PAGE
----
Mobile: Changing The Way We Buy Tickets?

I go to a ton of concerts and movies, and I also travel a fair amount. And mobile technology – specifically, mobile ticketing, is changing the way I interact with the vendors from whom I purchase tickets. What about you?

Without a doubt, mobile technology has changed the way consumers interact with brands. In fact, some would argue that mobile has helped create deeper interactions between people and brands. There are currently more than 60 million people or 1 out of every 4 mobile phone subscribers own a smartphone. If the sales trends we discussed in a recent post on mobile hold true – it’s possible that 50% of mobile phone subscribers will own a smartphone by the end of the year.

Brands are definitely starting to take notice of mobile – in fact 59% of marketers plan to invest more dollars over the next 18 months. Location-based apps have been all the rage for a while, but there is another segment that has been dramatically growing as well — and that’s the one I’m focused on – mobile ticketing.

Within the global airline industry alone 280 million mobile barcoded boarding passes were issued, and by 2013 issuances are projected to jump to 480 million. Yikes! That’s 71% potential growth in the next two years!

In addition to airline boarding passes, there were 2 billion movie, concert and various other type of mobile tickets purchased this year. In fact, Juniper Research recently reported that by 2014 the demand for mobile ticketing will reach 15 billion. Yes, that’s billion, with a “b.”

For both the buyer and the seller mobile tickets are a huge convenience. For forgetful consumers like me, for sure!  You no longer have to worry about forgetting a ticket because it’s stored right on your phone – which, as we all know – rarely leaves your hand!! That’s worthy of a nerdy “w00t” for sure.

And businesses reap benefits in a number of ways. They can eliminate the costs of printing tickets, less handling is required, and I’m sure there are other benefits – those are just the two that come most quickly to mind.

Despite the seemingly bright future for mobile ticketing, there are still quite a few hurdles. Namely, if consumers are receiving their tickets on their mobile devices, shouldn’t that very same device be the point-of-purchase? While mobile ticket purchases could be huge for Google, Apple, PayPal and other providers who are springing up, this could seriously ruffle the feathers of payment networks like Visa, as well as major banks, all of whom make money with the swipe of every credit card.

And, as much as the industry has grown, businesses still have a long way to go when it comes to adopting mobile ticketing. As big of a number as 15 billion sounds, that’s actually only a small percentage of total tickets sold. And, as reported by Read Write Web, U.S. businesses are way behind the Far East, China and even Western Europe when it comes to mobile ticketing based on number of tickets sold.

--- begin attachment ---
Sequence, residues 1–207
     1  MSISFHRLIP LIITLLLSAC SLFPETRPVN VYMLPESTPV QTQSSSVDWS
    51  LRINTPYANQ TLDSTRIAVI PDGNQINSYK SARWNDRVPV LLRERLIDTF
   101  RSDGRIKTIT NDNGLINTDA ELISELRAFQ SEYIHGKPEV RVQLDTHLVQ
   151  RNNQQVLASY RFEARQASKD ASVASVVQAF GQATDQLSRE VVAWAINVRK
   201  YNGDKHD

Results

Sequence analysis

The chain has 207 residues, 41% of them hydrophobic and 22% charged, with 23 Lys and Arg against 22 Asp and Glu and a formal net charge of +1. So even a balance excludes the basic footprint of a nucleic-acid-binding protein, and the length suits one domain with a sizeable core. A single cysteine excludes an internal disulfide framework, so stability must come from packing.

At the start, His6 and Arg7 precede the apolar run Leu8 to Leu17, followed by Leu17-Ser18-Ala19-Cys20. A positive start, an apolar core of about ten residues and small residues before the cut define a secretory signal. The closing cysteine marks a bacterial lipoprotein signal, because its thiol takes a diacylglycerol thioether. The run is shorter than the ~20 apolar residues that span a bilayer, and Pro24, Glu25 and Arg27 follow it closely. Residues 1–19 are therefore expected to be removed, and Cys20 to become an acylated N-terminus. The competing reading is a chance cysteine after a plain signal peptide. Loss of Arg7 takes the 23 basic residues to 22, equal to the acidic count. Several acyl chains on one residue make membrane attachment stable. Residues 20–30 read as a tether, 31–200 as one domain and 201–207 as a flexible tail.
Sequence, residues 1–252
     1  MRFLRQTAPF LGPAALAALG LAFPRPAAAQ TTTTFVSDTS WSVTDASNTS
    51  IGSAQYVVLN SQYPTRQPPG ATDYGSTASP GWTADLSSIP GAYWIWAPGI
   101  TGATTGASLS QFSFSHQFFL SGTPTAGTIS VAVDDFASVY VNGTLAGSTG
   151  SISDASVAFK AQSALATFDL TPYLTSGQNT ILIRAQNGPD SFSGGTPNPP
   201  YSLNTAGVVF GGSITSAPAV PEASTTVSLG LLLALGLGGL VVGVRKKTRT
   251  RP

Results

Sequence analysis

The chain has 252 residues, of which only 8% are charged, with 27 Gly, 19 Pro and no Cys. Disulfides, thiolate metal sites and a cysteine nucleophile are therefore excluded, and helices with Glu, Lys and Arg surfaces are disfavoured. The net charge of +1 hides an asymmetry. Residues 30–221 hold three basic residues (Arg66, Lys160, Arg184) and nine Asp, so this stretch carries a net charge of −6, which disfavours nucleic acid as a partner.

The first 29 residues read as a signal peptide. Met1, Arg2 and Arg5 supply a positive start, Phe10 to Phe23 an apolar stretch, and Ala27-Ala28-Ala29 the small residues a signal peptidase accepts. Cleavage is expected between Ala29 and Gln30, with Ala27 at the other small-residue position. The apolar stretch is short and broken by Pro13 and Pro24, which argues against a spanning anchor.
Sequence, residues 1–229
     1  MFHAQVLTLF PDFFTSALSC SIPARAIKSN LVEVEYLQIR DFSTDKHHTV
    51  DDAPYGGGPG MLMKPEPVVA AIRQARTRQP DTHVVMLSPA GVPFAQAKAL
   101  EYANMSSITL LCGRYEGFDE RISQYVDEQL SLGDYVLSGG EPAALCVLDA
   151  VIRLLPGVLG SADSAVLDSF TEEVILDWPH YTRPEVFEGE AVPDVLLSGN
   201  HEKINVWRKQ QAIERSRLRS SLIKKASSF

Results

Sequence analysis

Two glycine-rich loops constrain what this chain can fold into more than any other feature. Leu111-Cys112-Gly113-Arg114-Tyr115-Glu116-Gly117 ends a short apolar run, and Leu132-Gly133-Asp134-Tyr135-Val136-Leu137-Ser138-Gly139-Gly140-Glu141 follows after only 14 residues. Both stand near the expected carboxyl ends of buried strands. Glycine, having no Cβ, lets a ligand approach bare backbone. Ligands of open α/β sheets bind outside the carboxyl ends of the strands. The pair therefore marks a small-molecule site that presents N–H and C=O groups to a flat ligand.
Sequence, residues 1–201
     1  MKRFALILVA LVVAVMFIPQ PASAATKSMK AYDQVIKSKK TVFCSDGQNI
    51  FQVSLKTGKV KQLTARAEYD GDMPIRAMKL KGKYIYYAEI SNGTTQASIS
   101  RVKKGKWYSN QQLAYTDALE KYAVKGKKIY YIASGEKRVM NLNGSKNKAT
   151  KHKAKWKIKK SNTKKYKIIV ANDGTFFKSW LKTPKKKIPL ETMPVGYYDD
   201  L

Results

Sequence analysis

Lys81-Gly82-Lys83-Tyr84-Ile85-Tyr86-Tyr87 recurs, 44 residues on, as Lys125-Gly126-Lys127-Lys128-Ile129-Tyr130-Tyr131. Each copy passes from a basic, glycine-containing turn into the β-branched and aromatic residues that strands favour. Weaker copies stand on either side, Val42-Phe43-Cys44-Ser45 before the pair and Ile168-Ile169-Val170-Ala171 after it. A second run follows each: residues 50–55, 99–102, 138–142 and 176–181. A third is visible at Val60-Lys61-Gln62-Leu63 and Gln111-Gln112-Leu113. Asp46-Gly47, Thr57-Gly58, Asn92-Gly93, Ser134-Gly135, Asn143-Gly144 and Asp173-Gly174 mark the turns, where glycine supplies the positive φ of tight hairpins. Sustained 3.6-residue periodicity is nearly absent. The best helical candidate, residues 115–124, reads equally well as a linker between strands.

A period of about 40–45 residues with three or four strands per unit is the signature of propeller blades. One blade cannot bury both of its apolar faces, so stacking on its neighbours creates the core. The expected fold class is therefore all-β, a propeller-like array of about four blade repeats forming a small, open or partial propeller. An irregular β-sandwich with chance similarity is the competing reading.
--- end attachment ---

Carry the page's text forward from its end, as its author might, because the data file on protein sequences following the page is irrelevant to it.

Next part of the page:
U.S. entrepreneurs – get going! Here’s an opportunity to capitalize on something that just makes sense.

Mobile ticketing is clearly going to continue to grow as more people look to not eliminate clutter from their lives, but to add convenience by utilizing new technology like this. What do you think — as important as it is for businesses to have a mobile site for their customers, do you think it’s equally important for ticket purveyors to offer mobile ticketing options as well?

What innovative ways have you discovered brands using mobile ticketing? Lay it on us …

Photo Credit: Ace of Spades

  • John Q. Harrington

    I totally agree that mobile ticketing will be huge! But my real question is why are we so far behind Europe and the Far East when it comes to paying with Mobile phones? Q

  • Anonymous

    I think that it’s no secret, John, that the US lags in sophistication in many ways when it comes to tech – this is no exception!

  • Anonymous

    The lesson is that companies who make our lives more convenient will win the whole enchilada. In my own life, I’ve seen that I often look to buy things from Amazon simply because of the one-click process. And recently, we’ve started eating at Chipotle more often because of their mobile online ordering/payment system. Given the choice, I’ll usually go with the fastest, easiest option. Are you guys listening out there?

  • http://twitter.com/jeanniecw Jeannie Walters

    I love evolution. I love companies that pay attention to how consumers are behaving, not just how they’d *like* them to behave. And I love this post. In fact, I feel an “inspired by” post coming on…

  • Anonymous

    Me too, Rosemary. Me, too. Convenience is definitely key. At least it is with regard to just about everything I purchase.

  • Anonymous

    Jeannie, can’t wait to read the post!

  • Anonymous

    Jeannie, can’t wait to read the post!

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